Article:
Take the 2-minute tour ×
Mathematics Stack Exchange is a question and answer site for people studying math at any level and professionals in related fields. It's 100% free, no registration required.

For what complex values of $z$ is $$z! =1? $$ Are they even all known? Are there finitely many or infinitely many?

(Yes, the trivial $z$ are 0 and 1. )

share|improve this question
1  
A minor notational nit. $z!$ is not defined, except for natural numbers, but $\Gamma(z+1)$ is. –  Thomas Andrews Aug 5 at 23:25
2  
Yes, the factorial is to be interpreted as the value assigned to it by the gamma function. –  Assaultous2 Aug 5 at 23:26
1  
For people who want to see a few sample values, take a look at Wolfram|Alpha. (Not an answer, but may help some people.) –  anorton Aug 5 at 23:33

1 Answer 1

I assume what you mean is $\Gamma(z+1) = 1$.

Here's a plot of the curves $\text{Re}(\Gamma(z+1)) = 1$ (blue) and $\text{Im}(\Gamma(z+1)) = 0$ (red). Each intersection of a red and blue curve corresponds to a solution. Assuming the pattern continues, it certainly appears that there are infinitely many.

enter image description here

The first $10$ solutions in the first quadrant are $$ \begin {array}{c} 1\\ 3.213486150+ 4.253693352\,i\\ 4.447352283+ 6.904660210\,i\\ 5.449043370+ 9.238727110\,i \\ 6.328673500+ 11.39926303\,i\\ 7.129370000+ 13.44405135\,i\\ 7.873424830+ 15.40369196\,i\\ 8.574168470+ 17.29686175\,i \\ 9.240338285+ 19.13602021\,i\\ 9.878036600+ 20.93000503\,i\end {array} $$

Here's a plot of the first $151$:

enter image description here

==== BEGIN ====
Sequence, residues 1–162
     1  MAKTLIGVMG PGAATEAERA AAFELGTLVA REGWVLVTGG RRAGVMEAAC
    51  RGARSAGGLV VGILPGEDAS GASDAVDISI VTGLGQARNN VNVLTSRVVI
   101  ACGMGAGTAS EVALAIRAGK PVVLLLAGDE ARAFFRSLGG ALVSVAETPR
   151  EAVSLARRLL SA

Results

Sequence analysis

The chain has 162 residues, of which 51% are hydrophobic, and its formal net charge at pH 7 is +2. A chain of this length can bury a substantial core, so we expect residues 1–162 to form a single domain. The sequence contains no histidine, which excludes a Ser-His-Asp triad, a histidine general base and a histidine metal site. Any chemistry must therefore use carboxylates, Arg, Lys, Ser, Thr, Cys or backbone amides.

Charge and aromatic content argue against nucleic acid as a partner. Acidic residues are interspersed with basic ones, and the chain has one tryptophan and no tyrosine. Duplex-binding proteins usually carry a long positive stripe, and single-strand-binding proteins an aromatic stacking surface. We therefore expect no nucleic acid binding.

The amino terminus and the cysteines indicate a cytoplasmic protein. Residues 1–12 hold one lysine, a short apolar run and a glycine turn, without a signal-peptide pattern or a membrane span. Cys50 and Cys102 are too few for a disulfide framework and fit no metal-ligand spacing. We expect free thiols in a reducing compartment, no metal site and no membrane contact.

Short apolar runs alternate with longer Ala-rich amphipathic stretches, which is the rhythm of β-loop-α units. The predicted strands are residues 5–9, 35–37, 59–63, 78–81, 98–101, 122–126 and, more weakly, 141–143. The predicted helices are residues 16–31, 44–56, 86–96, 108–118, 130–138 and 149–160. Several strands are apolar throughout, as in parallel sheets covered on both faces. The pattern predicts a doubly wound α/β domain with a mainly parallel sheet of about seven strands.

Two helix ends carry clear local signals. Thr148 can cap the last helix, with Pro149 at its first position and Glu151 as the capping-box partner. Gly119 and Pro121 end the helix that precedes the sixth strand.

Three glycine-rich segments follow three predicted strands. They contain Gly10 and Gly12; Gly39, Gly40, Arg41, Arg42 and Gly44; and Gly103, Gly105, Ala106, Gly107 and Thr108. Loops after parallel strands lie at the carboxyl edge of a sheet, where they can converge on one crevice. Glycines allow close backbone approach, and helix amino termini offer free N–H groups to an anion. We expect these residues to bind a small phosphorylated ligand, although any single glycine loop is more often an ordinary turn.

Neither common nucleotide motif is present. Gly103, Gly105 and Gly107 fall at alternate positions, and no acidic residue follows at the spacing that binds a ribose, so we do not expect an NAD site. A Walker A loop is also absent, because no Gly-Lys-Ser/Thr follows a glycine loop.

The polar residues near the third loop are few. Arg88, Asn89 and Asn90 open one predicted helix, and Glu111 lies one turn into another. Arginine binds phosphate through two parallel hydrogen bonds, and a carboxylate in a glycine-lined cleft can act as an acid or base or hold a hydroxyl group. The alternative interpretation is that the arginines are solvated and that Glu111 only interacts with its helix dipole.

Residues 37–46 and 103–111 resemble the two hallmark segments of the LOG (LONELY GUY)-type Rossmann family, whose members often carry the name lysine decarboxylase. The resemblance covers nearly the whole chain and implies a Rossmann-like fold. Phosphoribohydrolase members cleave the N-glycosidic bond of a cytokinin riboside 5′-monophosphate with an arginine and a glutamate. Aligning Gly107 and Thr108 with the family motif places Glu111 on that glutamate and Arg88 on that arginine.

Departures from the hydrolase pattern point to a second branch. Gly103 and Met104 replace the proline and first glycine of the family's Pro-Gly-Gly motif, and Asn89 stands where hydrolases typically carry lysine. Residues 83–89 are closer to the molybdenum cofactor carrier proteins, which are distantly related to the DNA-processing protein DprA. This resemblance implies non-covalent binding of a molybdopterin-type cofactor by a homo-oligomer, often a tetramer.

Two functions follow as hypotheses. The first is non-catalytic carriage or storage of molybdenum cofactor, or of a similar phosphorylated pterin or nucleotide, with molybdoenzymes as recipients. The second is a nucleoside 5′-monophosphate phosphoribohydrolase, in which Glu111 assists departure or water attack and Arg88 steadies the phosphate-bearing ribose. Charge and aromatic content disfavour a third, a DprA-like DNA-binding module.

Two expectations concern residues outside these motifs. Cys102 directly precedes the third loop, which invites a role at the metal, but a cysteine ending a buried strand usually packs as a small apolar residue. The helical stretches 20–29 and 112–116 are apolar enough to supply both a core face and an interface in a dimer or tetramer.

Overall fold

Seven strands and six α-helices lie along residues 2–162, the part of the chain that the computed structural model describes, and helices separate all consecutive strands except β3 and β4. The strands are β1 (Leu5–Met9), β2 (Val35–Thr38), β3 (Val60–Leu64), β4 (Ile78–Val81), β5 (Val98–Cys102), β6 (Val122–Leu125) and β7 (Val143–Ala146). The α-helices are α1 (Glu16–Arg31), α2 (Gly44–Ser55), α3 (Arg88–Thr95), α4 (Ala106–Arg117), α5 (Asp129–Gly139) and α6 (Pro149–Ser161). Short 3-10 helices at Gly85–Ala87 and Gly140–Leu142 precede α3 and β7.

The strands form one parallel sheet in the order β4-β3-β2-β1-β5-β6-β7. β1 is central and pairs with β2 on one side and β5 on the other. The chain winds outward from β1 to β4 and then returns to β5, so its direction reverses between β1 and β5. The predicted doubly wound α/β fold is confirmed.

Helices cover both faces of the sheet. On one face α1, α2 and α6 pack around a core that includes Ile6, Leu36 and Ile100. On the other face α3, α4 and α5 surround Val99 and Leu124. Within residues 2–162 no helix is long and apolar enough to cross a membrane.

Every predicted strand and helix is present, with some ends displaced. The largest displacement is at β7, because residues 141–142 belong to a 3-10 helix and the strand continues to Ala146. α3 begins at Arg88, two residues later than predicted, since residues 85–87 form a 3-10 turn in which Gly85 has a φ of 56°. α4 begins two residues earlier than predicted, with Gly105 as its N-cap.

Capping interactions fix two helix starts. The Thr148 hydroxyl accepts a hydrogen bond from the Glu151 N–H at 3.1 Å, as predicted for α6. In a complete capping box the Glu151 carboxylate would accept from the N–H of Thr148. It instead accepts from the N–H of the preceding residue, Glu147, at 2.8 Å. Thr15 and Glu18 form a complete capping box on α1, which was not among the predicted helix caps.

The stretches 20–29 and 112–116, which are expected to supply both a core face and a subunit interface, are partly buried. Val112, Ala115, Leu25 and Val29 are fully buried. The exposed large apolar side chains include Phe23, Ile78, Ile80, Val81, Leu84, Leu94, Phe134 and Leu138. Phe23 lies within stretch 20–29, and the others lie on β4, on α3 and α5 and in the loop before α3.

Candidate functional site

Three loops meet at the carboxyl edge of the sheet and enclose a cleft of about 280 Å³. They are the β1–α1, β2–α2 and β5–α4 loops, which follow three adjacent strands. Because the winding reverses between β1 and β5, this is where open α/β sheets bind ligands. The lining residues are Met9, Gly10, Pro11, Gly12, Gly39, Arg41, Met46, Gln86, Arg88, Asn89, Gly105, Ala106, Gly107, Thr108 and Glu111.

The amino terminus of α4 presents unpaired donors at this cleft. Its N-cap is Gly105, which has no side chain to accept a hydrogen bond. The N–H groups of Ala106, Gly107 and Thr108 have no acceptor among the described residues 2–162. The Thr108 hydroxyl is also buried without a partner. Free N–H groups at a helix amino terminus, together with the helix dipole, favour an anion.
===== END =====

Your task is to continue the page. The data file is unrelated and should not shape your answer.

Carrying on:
It certainly looks like they lie on a curve.

EDIT: OK, something analytic can be said. The asymptotic

$$ \Gamma(z) \sim \sqrt{2\pi} e^{-z} z^{z-1/2} = \sqrt{2\pi} \exp(-z + (z - 1/2) \log(z)) \ \text{as}\ |z| \to \infty$$

holds for $|\arg z| < \pi$ with the principal branch of the log. If $z = t e^{i\theta}$ with $\theta \in (0, \pi/2)$, $$\text{Re}(-z + (z-1/2) \log(z)) = t \ln(t) \cos(\theta) - (\theta \sin(\theta) + \cos( \theta)) t - \ln(t)/2 $$ If this is $\log(1/\sqrt{2\pi})$, indicating that $|\Gamma(z) \approx 1$, then $\ln(t) \approx 1 + \theta \tan(\theta)$. Note that the right side goes to $\infty$ as $\theta \to (\pi/2)-$. The roots should be approximately on this curve. And indeed, here is the previous plot together with the curve $\ln(t) = 1 + \theta \tan(\theta)$ (in red):

enter image description here

share|improve this answer
    
Do they fit on some approximative line? Or is the pattern more ugly when you look at it on a wider scale? –  Patrick Da Silva Aug 5 at 23:32
    
How did you obtain this graph? ( so that I can do it myself in the future) –  Assaultous2 Aug 5 at 23:33
    
In Maple: plots:-implicitplot([Re(GAMMA(x+Iy+1))-1,Im(GAMMA(x+Iy+1))],x=-5..15,y=0..15,c‌​olour=[blue,red],gridrefine=3); –  Robert Israel Aug 5 at 23:36
    
Thanks. The values do seem to lie on a straight line... –  Assaultous2 Aug 5 at 23:38
1  
It may be worth looking up the properties of $\log\Gamma(x)$ rather than $\Gamma(x)-1$ directly, since they both have the same zeroes but the former seems a bit more 'natural.' @Assaultous2 –  Semiclassical Aug 6 at 0:32

Your Answer

 
discard

By posting your answer, you agree to the privacy policy and terms of service.

Not the answer you're looking for? Browse other questions tagged or ask your own question.